Friday, August 25, 2017

Orbits And Outgrowth...

Frozen Planet.... 1969 - From the Centre of a Parallel Universe (2017)

It should be no secret that we're big fans of FP69 here at TBB, as they always bring excellence with their heavy psych rock.  With this latest record, the Australian crew have again brought the magic thunder to bear, funking around on thick jammy grooves and swirling up their guitar tones with savory finesse.  Oozing bass waves and snaky drum patterns keep the songs driving forward, and while the tunes take some rambling routes, they rarely lose the momentum and undulating pulse that the band's chemistry and amped-up weight generate.
At only five tracks (and one of those an intro that lasts about a minute), it does feel like a shorter album than the band's usual fare.  But part of that is down to the smooth flow of the music, as they still hit nearly three-quarters of an hour between the other four tracks.  It's hefty stuff, but also disarmingly frisky, carrying a jazzy feel of improv and interplay between the musicians, and doing a stunning job of sweeping listeners up in that energy.  And with the last track, “Ancient Wings Taking Flight”, FP69 really capitalizes on that captivation, churning up and smoothing out their riffs until you've gotta just float along on the waves.   It's the sound of a band in their prime not settling for the familiar, and the pay-off is fantastic.
~ Gabriel

For Fans Of; John Mayall & The Bluesbreakers, JPT Scare Band, Mondo Drag, Reptensol, Ten Years After


Saturday, August 12, 2017

Roots Buried Deep...

Warrior Pope - Anchorite (2017)

With their debut album a couple of years ago, Warrior Pope delivered one big track to serve as the whole of the LP, a mammoth they steered through experimentation on a doom foundation. With this new release, the band has opted to split their efforts into four tracks, and with that reworking of the structuring comes a wider range of styles drawn into the making of the music. The doom is still there, and strong, but there's also touches of desert rock, prog, post-rock, and psychedelic, all woven together in ways that neatly avoid feeling forced or heavy-handed.
And the development of those chords and riffs? Damn tasty. The group has quite a way with building tension and subtle layers while grinding down on a heavy progression, allowing their instruments to do all the singing and howling. The title track almost feels like an album unto itself, between the ~17-minute duration and the labyrinth of twists it follows. But by surrounding it with distinctly separate (and excellent) songs, Warrior Pope have side-stepped that semi-problem from their first album, where the waves of song growing through their changes made it difficult to recall the original forms or particular passages with clarity. Here, they take a trek that's easier to trace, without compromising the depth of the songs. And it is good. Hell, it's pretty damn great.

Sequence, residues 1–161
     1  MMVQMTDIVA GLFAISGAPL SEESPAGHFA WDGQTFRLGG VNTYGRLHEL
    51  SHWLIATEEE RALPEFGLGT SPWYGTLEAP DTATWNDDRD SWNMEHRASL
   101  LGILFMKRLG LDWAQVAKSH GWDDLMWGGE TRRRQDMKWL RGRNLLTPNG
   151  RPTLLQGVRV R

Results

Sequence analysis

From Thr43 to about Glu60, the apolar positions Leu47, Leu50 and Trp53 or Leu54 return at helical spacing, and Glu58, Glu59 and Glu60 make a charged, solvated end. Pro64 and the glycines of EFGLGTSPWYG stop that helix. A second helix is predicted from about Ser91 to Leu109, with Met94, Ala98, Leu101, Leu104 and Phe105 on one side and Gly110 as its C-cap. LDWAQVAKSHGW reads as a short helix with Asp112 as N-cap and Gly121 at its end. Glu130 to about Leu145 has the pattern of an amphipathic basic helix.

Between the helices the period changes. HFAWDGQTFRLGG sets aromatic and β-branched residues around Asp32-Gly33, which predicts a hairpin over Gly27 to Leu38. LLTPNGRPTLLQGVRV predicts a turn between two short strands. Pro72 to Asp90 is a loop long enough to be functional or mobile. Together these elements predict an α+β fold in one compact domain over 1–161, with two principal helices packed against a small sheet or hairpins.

The biggest strike against it would be the clip-off endings for the songs. They reach satisfying endings, but then cut the track before the tones finish trailing off, generating a little amp pop in the speakers. It's not a big fault, since it fits somewhat with the organic atmosphere, but as the one thing I'd pick out against them, it does stand out. On the whole, it's hard not to recommend; the album is epic without being ostentatious, experimental without losing its way, and the savagery the music sometimes generates makes for a great contrast with their song-writing techniques. Keep your fingers crossed for this one getting physical release.
~ Gabriel

For Fans Of; Bell Witch, Broughton's Rules, Dead Hand, Reptensol, Venus Sleeps


Saturday, August 05, 2017

The Great Enchainment...

Earthling - Spinning in the Void (2017)

I first heard Earthling when Forcefield Records was kind enough to include a promo CD copy of their first album, Dark Path, with one of my orders. I eventually listened to it, and shortly after that, ordered the vinyl. That first album has continued to grow on me with every listen, and I've been waiting for this follow-up to emerge for quite a while. Now that it's here (four years after that debut), I'm thrilled to hear the band still going strong, with some adjustments and experimentation finding their way into the band's blend of black/death/thrash/doom (and just a touch of well-handled power metal).
Leading with “Clay in the Hands of Evil”, Earthling load the bases with touchstones of the full album, including sharp guitar shredding, ragged growling howls, quick shifts of rhythm and tempo, and some deviously gnarly riffs. From there, they build up more and more venom with the songs, carving away, laying down hard beats, hammering and smashing when needed, and gradually reducing the amount of breathing room listeners are given. That control of intensity is a welcome retainer piece from the first album, and while the group doesn't follow the same arc of rising abandon for this set of six songs, they do bring more power to the music with each successive track. It's not just in the escalations of speed, fury, drum-pounding, and general volume, but (perhaps) most effectively in the way the instruments join together to hit a commanding, keening focus of tone and style.
I could go on about the other great parts of the album (like that suspension tension to the intro of “The Helm” – oof!), but taken out of the actual experience, the words just wouldn't be doing it justice. To make it simple, if you dig on high-power metal fierceness that doesn't feel the need to restrict itself to just one of the style's sub-groupings, grab yourself a copy of this album (and the first, while you're at it). High quality, showing signs of good growth while retaining the essential character, this is a sophomore album to inspire envy in similar bands and solid replays for fans.
~ Gabriel

For Fans Of; Atrocity, Battle Path, Lesbian, Necrophobic, Weapon